Come Ganeshotsav, and we immediately think of modaks. As we prepare to welcome Lord Ganesh this year, Maharashtrian households are busy making modaks, the elephant-headed God’s favourite sweet.
Though the festivity has been toned down considerably this year due to the pandemic, Ganeshotsav is celebrated grandly every year for three to 11 days in households and in celebrations and puja organised by mandals.
In South India, people celebrate by performing puja of Ganapathy with the existing idols at home or by bringing home clay ones but the number of days is limited to Chaturthi day after which the clay idol is immersed.
In other parts of the country, it is observed by worshipping and offering bhog on Ganesh Chaturthi. Modaks can be the traditional ukadiche modak, fried ones, or the new-age peda and chocolate modaks. Tamilians prepare Koyakattai or steamed modaks with puran of freshly grated coconut, jaggery and cardamom powder.
Huggi and Chitranna are offered on Gowri Habba, which falls a day before Ganesh Chaturthi, in Karnataka. Huggi is kara pongal made of rice and mung dal while chitranna is tempered lemon rice.
Ganesh Chaturthi is celebrated as Hartalika Teej in Uttar Pradesh, Bihar, Jharkhand, Rajasthan, Chhattisgarh and Madhya Pradesh where the prasad is ghewar or pedas.
Peas cashew and Coconut bhaji usal stir fried by Tara Deshpande |
Satori or sanjori is a favourite bhog in parts of Maharashtra. According to actor, writer and chef Tara Deshpande, atta or maida casing is stuffed with a concoction of semolina (suji) in milk and sugar, either deep fried as puri or shallow fried as flatbread.
Coconut laddoos by Vaisshali Sawant |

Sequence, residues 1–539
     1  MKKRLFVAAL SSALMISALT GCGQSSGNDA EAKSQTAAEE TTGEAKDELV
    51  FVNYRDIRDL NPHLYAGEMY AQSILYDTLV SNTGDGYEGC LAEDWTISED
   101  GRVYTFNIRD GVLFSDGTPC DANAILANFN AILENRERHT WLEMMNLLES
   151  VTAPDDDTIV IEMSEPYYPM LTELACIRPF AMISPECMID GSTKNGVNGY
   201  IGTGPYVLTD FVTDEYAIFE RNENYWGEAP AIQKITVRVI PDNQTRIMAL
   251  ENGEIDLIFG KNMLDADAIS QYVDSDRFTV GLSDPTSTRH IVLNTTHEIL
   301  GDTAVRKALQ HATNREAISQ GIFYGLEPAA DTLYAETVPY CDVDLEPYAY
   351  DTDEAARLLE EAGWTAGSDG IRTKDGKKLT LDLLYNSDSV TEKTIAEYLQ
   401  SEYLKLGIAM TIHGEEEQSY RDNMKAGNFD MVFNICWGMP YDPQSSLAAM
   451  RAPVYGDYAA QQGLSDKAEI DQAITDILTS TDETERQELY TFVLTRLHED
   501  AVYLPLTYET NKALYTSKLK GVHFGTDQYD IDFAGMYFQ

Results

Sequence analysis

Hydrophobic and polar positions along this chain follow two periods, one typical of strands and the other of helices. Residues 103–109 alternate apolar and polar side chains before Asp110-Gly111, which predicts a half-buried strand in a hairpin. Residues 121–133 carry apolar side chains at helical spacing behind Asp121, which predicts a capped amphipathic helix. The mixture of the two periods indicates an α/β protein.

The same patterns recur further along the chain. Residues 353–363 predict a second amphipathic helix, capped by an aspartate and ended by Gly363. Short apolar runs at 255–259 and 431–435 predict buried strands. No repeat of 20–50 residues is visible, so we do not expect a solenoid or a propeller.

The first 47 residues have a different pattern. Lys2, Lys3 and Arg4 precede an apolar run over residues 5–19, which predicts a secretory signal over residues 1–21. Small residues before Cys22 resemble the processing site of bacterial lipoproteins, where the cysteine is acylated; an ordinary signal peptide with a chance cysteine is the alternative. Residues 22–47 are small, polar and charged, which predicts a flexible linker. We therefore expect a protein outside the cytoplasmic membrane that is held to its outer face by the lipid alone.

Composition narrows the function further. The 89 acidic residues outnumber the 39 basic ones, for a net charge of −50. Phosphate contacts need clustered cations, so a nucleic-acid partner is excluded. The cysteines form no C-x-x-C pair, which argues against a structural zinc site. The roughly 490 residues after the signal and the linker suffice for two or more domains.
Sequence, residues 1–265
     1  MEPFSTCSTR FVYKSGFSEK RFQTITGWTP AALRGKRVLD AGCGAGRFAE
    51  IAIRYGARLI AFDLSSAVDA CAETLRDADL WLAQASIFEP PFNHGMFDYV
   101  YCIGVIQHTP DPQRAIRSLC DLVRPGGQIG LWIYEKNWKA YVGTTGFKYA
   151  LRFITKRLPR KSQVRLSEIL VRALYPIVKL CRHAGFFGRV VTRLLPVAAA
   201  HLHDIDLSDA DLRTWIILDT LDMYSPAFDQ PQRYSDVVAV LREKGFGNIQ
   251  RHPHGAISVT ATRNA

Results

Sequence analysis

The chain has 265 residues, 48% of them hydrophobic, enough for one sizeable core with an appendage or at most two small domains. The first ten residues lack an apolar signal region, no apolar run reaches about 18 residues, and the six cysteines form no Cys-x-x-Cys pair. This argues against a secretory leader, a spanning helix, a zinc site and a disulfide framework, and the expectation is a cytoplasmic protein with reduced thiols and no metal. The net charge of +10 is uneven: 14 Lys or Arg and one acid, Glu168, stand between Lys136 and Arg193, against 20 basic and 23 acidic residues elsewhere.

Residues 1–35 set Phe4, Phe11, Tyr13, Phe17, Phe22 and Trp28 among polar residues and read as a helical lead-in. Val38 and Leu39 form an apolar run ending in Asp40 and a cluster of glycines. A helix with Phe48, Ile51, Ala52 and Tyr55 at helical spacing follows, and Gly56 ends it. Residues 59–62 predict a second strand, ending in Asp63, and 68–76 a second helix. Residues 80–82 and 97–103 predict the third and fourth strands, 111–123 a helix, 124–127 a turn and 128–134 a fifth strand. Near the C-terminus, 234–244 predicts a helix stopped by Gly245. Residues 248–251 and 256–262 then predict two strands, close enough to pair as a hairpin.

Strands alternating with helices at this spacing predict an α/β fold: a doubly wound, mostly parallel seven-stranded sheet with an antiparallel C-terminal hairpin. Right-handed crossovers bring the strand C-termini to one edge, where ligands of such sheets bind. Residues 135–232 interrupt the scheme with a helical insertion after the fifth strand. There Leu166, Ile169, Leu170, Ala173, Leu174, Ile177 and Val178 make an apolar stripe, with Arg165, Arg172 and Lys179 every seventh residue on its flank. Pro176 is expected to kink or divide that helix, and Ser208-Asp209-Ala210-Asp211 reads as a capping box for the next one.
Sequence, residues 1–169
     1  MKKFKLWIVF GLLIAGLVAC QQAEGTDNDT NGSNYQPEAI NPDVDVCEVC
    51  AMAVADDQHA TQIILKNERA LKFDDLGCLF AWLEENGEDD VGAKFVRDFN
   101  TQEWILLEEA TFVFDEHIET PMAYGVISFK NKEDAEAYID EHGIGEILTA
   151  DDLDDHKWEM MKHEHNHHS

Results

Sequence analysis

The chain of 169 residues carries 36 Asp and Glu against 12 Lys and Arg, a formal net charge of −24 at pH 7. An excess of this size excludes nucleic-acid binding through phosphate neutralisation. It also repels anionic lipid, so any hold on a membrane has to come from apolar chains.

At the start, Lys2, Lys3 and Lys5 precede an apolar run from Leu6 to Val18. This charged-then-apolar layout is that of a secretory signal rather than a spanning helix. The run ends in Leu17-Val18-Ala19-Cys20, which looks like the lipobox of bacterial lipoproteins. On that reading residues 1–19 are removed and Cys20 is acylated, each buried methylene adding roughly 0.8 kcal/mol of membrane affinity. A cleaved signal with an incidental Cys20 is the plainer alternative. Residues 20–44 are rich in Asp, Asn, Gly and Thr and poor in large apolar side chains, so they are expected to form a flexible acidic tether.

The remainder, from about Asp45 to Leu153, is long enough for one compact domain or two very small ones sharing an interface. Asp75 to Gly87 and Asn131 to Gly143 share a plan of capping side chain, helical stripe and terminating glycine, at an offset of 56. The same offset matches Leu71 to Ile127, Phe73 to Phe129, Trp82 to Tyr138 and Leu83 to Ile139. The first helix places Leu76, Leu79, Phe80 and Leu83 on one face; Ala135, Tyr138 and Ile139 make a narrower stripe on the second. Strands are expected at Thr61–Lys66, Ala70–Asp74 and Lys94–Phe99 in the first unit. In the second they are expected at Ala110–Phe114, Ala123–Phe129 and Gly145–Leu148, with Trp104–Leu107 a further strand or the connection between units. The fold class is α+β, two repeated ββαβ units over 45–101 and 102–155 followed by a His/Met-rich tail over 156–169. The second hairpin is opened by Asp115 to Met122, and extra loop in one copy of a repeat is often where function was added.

“Coconut laddoo and gul poli too are offered but every region of Maharashtra has different bhogs to offer,” says Deshpande, whose all-time favourite is steamed modaks. “We also prepare a dish of mixed vegetables in coconut curry called Gajbaje, which is served after naivedya, for the first meal on Ganesh puja,” she says.
Pune-based culinary expert, Vaisshali Sawant whose food posts on Instagram @vsdelights are very popular, says, “Shrikhand, a treat of sweetened and flavoured yoghurt, garnished with saffron is often offered as prasad during Ganesh festival. We also prepare tandulachi kheer (rice), puranpoli, coconut barfi and banana sheera – an easy preparation of mashed bananas, semolina and sugar with a sprinkling of cardamom powder.”
Patholi, coconut-jaggery puran-based steamed rice flour rolls, is made in the Konkan region as well as in Goa on Gauri Ganesh day. It is like modak but its uniqueness lies in the gentle aroma of being steamed in fresh turmeric leaves.
Muradichi Karanji by Neelima Nitin |
Karanji and nevris – the Goan avatar of Maharashtra’s karanji – are offered as prasad. Filled with desiccated coconut and dry fruits, it is a deep fried, crusty pastry like gujiya.
Nilima Nitin, a well-known food blogger from Pune who runs ‘Cook with Nilima’, a YouTube channel, says, “On the day of Lord Ganesha’s visarjan (immersion) shevatchi kheer of hand-rolled seviyan (vermicelli) and muradichi karanji of hand-made pleats is offered.”
Chana dal laddu is another bhog among those who observe Ganeshotsav for more than 11 days. “My mother observes 21 days of Ganeshotsav and chana dal laddu ought to be offered on any one day,” says Nitin.
Rava Pongal, apart from koyakattai (steamed modak), from the South prepared with semolina, mung dal, jaggery in coconut milk and ghee is offered as a sheer sweet treat for Pillaiyar Chaturthi.
Neiyappam is another must-neivadhyam for Vinayaka. A sweet dumpling made of rice-jaggery batter with coconut pieces and cardamom is deep fried in moulds, usually using pure ghee.
Usili koyakattai, a savoury prasadam, in the modak casing consists of the rice dough layer filled with steamed coarsely ground urad dal, chillies, with a hint of asafoetida, tempered with mustard seeds, curry leaves and red chillies. It is oblong in shape. This along with coconut puran-stuffed modaks are mandatory bhogs in Tamilian households for their Vigneshwara.
Undrallu-flattened sweet rice flour discs, bellam kudumulu - rice balls akin to modaks, guggillu or sundal that are tempered savoury chickpeas, peanuts, mung beans, or chana dal constitute as naivedhyams in Andhra Pradesh and Telangana, where Vinayaka Chavithi is a 10-day celebration.
Urad dal Vadai with pepper is another savoury neivedhyam offered in the South. Deep fried medhu vadas with a dash of pepper corns make for a piquant taste to balance the many sweet offerings for Lord Ganesh.